Saturday, April 22, 2017

We are one, but we are many

We live in an interesting time, don't we? The 21st Century is a time of rapid unending change. Most of this we can call progress and then shake hands and say "Aren't we doing well? Aren't we so much more enlightened than those who came before us?" Isn't that nice?

But a lot of it is just change. Is the wide availability of a smart phone progress? Sure, you can make that argument. Is the wide availability of the 8th generation of Samsung Smart Phones, now slightly larger, slightly more waterproof and slightly faster, progress? I guess by the strict definition it is, or is it just fashion? And does fashion progress or does it just change?

Regardless, I'm not interested in talking about smart phones. My point is that not all change is necessarily progress. Sometimes change is just change, not good, not bad, just different.

Media, publishing and distribution is changing. Everywhere around us, the main stream is embracing genre fiction and, in particular, sci-fi and fantasy are big money and broadly accepted by our culture. Comics aren't just for children, any more. And how about TV? There's a booming industry. For over a decade, seeminly trapped in a stasis of reality TV and talent shows, suddenly TV is high quality entertainment, telling stories that the big screen never could.

Is any of this progress? Does this better humanity? Probably not in any big way. Mostly it's just change, I think. But not the kind of change I want to talk about.

You know what I love? Robin Hoob: Men In Tights, the Mel Brooks Robin Hood parody film. Actually, I'm a big fan of parody, in general. Flying High? (Airplane, for you yanks) An amazing film. Weird Al? Can't get enough.

There was a glut of parody films for a while, movies like Meet The Spartans and the Scary Movie franchise. It seemed like we had a new one every six months. Alas, they all kind of sucked... A lot. Since then, it's been quiet on the parody front, hasn't it?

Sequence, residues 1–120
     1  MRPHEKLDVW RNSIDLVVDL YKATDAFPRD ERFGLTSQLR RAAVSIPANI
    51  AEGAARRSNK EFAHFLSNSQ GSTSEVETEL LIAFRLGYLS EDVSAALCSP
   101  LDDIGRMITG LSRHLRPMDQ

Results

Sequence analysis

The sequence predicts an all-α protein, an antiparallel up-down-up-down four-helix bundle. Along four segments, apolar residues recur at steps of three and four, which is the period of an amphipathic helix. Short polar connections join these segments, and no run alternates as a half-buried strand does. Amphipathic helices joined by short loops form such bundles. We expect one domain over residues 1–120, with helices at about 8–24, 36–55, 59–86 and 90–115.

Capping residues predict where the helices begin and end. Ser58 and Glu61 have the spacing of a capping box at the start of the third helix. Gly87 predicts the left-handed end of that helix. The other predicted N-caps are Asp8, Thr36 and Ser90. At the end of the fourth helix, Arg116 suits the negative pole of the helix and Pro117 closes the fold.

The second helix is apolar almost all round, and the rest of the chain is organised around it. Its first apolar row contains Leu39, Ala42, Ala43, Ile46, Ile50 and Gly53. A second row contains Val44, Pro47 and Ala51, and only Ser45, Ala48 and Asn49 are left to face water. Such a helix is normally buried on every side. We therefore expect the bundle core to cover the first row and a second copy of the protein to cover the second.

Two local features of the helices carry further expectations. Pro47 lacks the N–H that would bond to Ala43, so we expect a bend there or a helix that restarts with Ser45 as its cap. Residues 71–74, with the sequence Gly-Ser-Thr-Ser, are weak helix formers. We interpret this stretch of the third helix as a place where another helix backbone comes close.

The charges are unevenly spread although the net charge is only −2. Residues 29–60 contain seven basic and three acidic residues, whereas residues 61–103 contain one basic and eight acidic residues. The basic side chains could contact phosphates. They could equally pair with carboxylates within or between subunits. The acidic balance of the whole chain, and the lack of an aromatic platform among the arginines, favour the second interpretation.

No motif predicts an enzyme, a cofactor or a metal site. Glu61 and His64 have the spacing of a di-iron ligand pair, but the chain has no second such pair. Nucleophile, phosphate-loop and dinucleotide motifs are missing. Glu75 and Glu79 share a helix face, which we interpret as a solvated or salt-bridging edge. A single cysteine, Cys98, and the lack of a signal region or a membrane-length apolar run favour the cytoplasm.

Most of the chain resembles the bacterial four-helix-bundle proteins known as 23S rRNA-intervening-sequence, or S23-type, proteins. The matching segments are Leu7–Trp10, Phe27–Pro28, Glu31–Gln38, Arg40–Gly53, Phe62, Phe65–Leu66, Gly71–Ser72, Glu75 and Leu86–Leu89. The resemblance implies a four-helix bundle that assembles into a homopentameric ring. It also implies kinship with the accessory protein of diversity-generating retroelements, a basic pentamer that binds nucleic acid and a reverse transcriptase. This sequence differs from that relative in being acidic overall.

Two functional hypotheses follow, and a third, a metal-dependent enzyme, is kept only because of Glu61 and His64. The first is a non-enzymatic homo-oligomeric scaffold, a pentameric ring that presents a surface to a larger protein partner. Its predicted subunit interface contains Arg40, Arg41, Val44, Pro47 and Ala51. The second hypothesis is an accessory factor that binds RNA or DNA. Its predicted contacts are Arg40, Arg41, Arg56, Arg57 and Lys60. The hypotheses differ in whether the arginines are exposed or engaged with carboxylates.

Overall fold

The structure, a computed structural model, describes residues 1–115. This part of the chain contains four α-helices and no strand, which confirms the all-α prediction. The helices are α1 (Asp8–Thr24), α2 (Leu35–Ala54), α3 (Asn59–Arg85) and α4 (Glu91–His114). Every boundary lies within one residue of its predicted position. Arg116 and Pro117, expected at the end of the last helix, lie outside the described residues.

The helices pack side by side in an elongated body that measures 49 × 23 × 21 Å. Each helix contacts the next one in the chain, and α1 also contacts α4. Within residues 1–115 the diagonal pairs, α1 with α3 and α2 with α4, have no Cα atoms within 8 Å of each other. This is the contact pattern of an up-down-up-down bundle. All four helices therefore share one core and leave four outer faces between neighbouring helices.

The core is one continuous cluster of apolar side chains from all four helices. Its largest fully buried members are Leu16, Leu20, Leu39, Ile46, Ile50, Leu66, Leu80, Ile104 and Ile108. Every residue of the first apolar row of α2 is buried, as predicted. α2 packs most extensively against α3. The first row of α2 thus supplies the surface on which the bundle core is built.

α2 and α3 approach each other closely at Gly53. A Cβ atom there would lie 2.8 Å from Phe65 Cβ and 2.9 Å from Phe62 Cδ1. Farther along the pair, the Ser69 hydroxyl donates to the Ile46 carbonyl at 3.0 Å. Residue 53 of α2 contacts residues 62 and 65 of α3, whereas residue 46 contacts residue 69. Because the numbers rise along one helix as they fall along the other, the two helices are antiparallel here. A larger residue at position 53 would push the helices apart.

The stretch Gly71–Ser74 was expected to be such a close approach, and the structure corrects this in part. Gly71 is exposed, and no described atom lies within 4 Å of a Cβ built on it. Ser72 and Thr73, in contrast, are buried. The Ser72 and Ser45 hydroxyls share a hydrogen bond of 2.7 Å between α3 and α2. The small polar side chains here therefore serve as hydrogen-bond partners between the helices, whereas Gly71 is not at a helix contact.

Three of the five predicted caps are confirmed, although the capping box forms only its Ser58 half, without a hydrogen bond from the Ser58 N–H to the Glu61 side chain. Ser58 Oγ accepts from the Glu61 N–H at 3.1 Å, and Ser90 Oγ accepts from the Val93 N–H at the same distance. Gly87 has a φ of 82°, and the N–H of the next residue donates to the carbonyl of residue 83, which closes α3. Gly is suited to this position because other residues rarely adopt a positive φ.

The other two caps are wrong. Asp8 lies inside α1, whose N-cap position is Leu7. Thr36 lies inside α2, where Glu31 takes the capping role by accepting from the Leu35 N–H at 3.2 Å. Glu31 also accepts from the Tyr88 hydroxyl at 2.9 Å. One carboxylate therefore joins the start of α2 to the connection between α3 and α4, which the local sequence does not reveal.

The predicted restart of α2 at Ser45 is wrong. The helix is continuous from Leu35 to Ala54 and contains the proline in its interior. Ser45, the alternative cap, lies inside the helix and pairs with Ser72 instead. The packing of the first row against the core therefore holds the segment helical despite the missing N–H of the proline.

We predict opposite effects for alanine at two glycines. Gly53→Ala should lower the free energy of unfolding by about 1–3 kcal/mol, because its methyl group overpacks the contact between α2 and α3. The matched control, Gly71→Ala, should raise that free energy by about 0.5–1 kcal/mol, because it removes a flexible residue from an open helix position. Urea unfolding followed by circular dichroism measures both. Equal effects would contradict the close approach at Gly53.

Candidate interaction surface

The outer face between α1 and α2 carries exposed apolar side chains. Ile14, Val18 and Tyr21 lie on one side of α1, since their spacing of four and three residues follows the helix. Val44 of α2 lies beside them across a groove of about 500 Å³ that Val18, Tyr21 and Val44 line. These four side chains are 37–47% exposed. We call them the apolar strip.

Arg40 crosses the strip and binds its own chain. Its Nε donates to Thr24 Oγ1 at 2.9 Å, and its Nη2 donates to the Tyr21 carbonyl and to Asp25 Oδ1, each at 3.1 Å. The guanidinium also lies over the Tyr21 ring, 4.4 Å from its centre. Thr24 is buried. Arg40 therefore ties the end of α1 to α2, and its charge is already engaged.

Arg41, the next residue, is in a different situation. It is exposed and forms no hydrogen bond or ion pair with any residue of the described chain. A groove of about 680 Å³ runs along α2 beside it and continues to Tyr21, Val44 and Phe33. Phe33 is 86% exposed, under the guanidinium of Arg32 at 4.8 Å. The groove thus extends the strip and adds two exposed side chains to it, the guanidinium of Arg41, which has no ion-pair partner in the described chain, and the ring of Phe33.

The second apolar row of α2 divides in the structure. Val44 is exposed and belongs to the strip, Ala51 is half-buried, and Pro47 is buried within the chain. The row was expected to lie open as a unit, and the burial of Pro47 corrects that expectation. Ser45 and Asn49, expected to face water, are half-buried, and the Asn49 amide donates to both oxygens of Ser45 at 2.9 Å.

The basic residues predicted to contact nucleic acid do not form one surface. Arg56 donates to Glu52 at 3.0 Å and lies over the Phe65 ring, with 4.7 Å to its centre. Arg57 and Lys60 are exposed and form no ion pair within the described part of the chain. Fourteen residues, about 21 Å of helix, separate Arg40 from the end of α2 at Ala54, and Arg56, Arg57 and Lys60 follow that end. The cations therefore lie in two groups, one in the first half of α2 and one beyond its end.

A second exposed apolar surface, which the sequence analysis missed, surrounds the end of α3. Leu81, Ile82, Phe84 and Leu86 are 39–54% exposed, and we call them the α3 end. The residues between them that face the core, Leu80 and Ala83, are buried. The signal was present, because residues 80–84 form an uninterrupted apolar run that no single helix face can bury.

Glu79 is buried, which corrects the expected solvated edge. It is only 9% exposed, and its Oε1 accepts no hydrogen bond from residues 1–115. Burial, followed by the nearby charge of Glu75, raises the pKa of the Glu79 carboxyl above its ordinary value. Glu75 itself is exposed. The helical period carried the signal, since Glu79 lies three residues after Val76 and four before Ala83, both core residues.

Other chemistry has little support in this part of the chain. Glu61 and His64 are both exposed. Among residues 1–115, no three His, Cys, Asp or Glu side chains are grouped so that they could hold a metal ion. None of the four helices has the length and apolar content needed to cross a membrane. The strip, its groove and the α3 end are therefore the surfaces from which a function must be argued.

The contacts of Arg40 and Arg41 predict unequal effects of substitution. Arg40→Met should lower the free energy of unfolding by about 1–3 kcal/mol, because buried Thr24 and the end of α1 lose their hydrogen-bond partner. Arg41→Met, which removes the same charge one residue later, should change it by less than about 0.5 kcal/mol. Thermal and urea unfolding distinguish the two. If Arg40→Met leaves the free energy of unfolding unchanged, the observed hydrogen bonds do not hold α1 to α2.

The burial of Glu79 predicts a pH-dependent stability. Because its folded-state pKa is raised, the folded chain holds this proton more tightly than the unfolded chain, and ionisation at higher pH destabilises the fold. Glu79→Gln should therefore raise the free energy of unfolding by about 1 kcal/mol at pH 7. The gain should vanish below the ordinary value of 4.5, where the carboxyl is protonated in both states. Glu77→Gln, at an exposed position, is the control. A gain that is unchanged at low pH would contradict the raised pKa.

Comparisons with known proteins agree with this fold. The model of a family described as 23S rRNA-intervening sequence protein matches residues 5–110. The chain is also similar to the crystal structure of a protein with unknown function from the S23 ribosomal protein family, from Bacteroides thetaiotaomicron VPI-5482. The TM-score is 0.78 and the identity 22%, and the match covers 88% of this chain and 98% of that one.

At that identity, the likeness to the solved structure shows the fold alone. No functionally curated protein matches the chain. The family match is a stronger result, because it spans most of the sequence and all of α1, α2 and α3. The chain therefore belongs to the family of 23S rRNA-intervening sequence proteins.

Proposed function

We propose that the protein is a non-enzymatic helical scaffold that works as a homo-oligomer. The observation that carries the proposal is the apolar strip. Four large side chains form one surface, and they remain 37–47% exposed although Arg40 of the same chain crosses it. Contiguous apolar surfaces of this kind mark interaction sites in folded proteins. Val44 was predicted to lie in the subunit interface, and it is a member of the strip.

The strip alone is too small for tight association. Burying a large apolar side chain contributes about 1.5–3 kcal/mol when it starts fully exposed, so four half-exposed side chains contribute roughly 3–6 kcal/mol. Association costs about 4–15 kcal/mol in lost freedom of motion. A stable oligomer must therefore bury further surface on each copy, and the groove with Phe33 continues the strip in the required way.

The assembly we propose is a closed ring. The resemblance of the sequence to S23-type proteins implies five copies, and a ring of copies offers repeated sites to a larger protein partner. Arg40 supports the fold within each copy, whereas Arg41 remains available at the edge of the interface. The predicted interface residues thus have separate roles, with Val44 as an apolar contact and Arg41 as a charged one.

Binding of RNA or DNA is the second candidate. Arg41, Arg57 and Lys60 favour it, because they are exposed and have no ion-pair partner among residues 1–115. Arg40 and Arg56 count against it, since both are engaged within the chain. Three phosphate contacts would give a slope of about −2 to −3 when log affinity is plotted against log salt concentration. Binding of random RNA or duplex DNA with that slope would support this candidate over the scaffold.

Or has it?

You know what else I love? YouTube. If you think the world of parody is quiet or dying, take a look at YouTube and rest assured parody is thriving. Parody music and parody films are in no short supply and they are as varied as the stars. Even Weird Al has lamented that, through the studio system, he cannot keep pace with parody artists on YouTube.

Change. That's what it is. That's what we're seeing in media.

I'm not a film maker or a musician, but I am a writer and the world of publishing is changing. The Internet has given new vigor to the community of independent publishers. More authors than ever are becoming their own publishers as well as writers, using the internet the distribute digital and print books in every genre and in every style. It's a change happening now and happening fast.

But that's still not what I want to talk about. We know the change is happening. Pointing at it like it's a new thing, now, is redundant. "Keep up, Carl. This is old news!"

No, I don't want to talk about writers and publishers and change and the internet and indies and traditional publishing houses and literary agents. At least, I don't want to talk about it on this basic level of mere acknowledgement.

I want to talk about people. Mostly I want to talk about writers, writers who often believe, rightly or wrongly, that they have the biggest stake in the game and that all this change has the biggest impact on them. If you're in the know, as it were, if you're part of the industry and community of writing and publishing, you may have noticed something odd, something a little weird, something that's actually kind of concerning.

I have.

I've noticed that some people, especially authors on either side of the taditional/indie line talk about all this change like it's a war or a bloody revolt, upheaving society at its foundations. Really? Is that how we want to view this change? Is that what this is? Are indies freedom fighters struggling to liberate books from oppressive gate keepers? Are the traditional publishers maintaining order and ensuring quality for the betterment of society, keeping back the wave of poor writing even in the face of a smear campaign by bitter rejected authors? Is this the change we're seeing?

I don't think so, and it concerns me that some people do. Don't get me wrong, there is change in the air. There's change in all facets of life here in the 21st century... But it's not a huge change. As it happens, there have always been authors who publish independently. Before there was Kindle, indie authors used personal websites, before the internet, authors sold their books by hand, paying for printing then carrying them about in boxes to local markets. The size of the pie for indie publishers has perhaps gotten bigger, but it's not like they had no pie before.